Tuesday, February 9, 2010
We all have worst nightmares about our bodies -- what we think maybe we couldn't bear happening to us, maybe wouldn't want to survive. These fears are cliches in melodramatic screenplays, the dancer or athlete who loses their legs, the painter who goes blind. We're assumed to understand, on a gut empathetic level, how tragic physical loss is and see those who face it as inspiring.
But if it isn't quite so photogenic or melodramatic, we look away. Or if we can "blame the victirm", well there ya go: Gary Busey was asking for it in a way Christopher Reeve was not, right?
And because we know we're supposed to be ashamed if we're closer to the Gary Busey end, we're supposed to be contrite and hungry if we're poor, and we're supposed to get better. If we're losing ground, we know we should go silent.
I'm fighting all those internal voices as best I can. Every day.
Having had lifelong asthma and undiagnosed but limiting orthopedic issues, I've not had the dread a lot of folks carry about losing physical function. It's no fun but it's not particularly soul-inhibiting to not be able to do all forms of mobility. The nightmare I nursed was losing brain function, memory, communication ability -- all of which occurred in 2000 with the anoxia during my knee replacement surgery. It took me almost a decade to get over that actualized fear enough to face another major sirgery, which happened in October (no choice about it) with only the typical postoperative mental effects.
I'm still certain I'd rather check out than live without my fully functional mind -- I/we get to define ourselves, and for me, my brain as is remains the deal-breaker. I have some safeguards in place to keep me from a Schiavo existence, but of course there are no guarantees.
With my physical decline, however, I developed another subterranean fear, that of falling down and finding myself unable to get up by myself. I became aware of this fear the Thanksgiving after my knee replacement, when I went to eat with an extended clan of Texas yellow dog Democrats and wiccans. I sat in a rocker that was a few inches lower than my leg muscles could actually render me upright from. When it was time for me to go, I had to be shouldered to my feet by two pot-bellied hippies who smelled of weed and cranberry relish. I became very careful about where I stepped and sat down after that.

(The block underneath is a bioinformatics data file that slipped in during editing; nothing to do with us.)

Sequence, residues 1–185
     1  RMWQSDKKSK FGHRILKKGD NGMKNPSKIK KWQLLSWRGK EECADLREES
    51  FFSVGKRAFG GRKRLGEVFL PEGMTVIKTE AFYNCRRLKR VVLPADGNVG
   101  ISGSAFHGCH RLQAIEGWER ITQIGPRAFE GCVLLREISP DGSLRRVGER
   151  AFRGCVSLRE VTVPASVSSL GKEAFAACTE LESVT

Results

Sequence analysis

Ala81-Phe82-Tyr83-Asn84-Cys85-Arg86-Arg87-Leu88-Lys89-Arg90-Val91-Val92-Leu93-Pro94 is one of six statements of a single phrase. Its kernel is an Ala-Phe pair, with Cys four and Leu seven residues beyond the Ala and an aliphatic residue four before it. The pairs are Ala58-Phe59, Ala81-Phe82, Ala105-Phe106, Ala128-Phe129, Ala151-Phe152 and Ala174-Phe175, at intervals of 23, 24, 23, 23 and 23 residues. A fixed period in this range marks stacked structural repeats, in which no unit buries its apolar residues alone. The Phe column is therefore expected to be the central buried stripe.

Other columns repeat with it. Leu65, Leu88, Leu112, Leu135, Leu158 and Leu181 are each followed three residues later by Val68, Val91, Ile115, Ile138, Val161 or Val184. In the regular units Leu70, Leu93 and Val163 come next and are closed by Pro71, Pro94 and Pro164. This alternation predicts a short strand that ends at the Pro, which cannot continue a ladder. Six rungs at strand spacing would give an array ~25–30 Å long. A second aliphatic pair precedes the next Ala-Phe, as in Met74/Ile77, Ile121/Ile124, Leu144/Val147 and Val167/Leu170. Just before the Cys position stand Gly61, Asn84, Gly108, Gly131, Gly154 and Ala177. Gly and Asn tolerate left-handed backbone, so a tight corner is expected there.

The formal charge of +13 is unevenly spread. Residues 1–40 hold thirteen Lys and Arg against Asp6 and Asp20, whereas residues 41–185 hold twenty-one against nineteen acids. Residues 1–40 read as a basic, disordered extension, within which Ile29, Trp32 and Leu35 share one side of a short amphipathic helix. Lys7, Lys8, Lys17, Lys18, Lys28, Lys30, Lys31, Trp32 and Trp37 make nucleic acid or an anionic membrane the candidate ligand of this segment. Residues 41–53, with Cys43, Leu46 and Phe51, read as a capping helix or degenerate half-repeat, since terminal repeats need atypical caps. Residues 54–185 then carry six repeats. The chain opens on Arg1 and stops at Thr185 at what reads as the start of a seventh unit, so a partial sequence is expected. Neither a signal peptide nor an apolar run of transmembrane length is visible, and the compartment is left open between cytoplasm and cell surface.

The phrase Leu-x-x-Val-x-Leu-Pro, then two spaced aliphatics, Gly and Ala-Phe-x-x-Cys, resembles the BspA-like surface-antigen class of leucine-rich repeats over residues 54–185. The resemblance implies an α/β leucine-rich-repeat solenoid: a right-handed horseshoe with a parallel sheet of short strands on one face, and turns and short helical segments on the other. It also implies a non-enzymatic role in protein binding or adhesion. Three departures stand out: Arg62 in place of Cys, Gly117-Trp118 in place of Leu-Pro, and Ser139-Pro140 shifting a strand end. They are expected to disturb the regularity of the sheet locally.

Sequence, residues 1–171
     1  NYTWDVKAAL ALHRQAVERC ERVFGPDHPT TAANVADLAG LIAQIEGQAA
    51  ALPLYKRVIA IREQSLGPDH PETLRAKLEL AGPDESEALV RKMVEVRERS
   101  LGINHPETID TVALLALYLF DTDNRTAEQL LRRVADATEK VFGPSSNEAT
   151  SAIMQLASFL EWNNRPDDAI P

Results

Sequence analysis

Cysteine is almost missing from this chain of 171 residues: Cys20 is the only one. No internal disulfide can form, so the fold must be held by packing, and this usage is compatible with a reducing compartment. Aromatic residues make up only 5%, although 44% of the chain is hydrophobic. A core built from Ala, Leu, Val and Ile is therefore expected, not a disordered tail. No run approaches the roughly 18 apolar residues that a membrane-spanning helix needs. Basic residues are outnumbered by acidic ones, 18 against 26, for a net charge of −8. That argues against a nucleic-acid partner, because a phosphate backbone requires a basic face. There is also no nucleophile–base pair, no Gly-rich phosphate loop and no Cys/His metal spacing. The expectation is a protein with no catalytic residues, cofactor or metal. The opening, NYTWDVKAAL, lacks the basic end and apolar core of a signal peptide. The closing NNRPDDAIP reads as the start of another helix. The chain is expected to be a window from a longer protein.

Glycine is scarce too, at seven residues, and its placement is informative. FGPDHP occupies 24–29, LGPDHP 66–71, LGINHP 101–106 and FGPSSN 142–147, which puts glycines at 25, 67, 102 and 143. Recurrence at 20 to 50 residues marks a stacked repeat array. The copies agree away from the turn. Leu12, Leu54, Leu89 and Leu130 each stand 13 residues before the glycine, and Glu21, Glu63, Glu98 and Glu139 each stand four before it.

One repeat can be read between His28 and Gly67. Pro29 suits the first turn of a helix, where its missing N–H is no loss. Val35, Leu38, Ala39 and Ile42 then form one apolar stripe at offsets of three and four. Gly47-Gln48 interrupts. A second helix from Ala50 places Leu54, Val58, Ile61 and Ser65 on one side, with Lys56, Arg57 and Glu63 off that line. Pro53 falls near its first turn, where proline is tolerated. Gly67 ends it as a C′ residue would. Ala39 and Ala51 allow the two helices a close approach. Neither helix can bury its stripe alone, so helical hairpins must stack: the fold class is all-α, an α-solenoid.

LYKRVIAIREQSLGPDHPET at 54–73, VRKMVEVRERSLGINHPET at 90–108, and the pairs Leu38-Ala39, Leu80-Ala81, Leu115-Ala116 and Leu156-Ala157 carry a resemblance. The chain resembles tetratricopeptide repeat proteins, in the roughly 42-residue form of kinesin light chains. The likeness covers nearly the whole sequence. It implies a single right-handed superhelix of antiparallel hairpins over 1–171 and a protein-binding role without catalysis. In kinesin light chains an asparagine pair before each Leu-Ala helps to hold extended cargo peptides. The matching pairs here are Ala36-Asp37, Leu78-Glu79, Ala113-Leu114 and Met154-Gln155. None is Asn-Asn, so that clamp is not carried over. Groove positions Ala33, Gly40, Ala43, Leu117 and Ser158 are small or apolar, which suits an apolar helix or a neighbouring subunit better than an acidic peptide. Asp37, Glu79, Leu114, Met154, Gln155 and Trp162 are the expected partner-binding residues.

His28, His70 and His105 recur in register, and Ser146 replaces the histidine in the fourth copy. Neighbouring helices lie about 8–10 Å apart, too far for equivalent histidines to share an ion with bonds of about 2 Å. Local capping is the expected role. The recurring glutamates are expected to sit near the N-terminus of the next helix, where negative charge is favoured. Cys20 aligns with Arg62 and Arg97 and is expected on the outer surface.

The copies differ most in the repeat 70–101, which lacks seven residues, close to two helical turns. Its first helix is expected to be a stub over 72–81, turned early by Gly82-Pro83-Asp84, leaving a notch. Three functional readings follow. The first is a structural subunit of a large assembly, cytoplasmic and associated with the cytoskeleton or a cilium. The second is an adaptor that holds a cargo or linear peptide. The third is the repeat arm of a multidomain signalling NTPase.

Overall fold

I guess I should be proud I went a decade, then, without a mishap.
Last Thursday I had a physical exam scheduled by disability services. It's impossible for me to get anywhere without serious help. Not long after I got home from the hospital, a gay man named Sheldon wrote me an e-mail offering help. He's a radical pagan cat-lovin' late boomer who lives west of Austin with Win who writes the Konagod blog I enjoy so much. Sheldon has turned out to be a real buddy, someone I enjoy intensely. And he's literally saved my life.
Sheldon got me to my doctor visit in January, which was a serious ordeal. I keep rediscovering how weak I am now. He's a natural at noticing pace, bearing witness, keeping company, and not doing more or less than I ask of him. Other crips will instantly know what I mean. I can relax around him even as I am in extremis.
So I asked him to get me to the disability exam, which I anticipated would be an even harder challenge. He said yes. That morning I got cleaned up and began making my way to my wheelchair in the living room, because I had clean clothes and shoes next to the chair and I planned to dress sitting in it. I was using my folding walker to get through a narrow spot and turned it sideways, then leaned on it sideways. Mistake.
The walker collapsed on itself, going down underneath me and managing to entangle one of my calves in the process. There was enough room for me to land on the floor, but that was it -- no space to roll over, I was wedged between immovable surfaces. I was on my stomach, naked, and getting to my knees was out of the question.
Help, I've fallen and I can't get up.
I wasn't hurting more than usual -- I was extremely lucky that I hadn't blown a joint on the way down. I was even more lucky that Sheldon was on his way to my house. I kept trying to shift, to find some way out of my imprisonment, until I was exhausted from the effort. If Sheldon had not been about to arrive...well, you can guess what kind of trouble I'd be in.
My cat Dinah came at a gallop. One thing that's always been true about Dinah before that day is she has an abhorrence of touching bare human flesh, avoids it with revulsion. She meowed interrogatively at me and I said "Kitty girl, I've done it this time. I'm in trouble here."
She walked down my bare back and stood on my big white ass -- Mount Jochild, as one friend has referred to it -- while she began yowling at the top of her lungs. I kept trying to reassure her but she wasn't listening to me. In retrospect, I'm certain she was calling for help. She didn't shut up or lower her volume until Sheldon knocked at the door, and even then our first shouted exchanges through the door were over her continued hollering.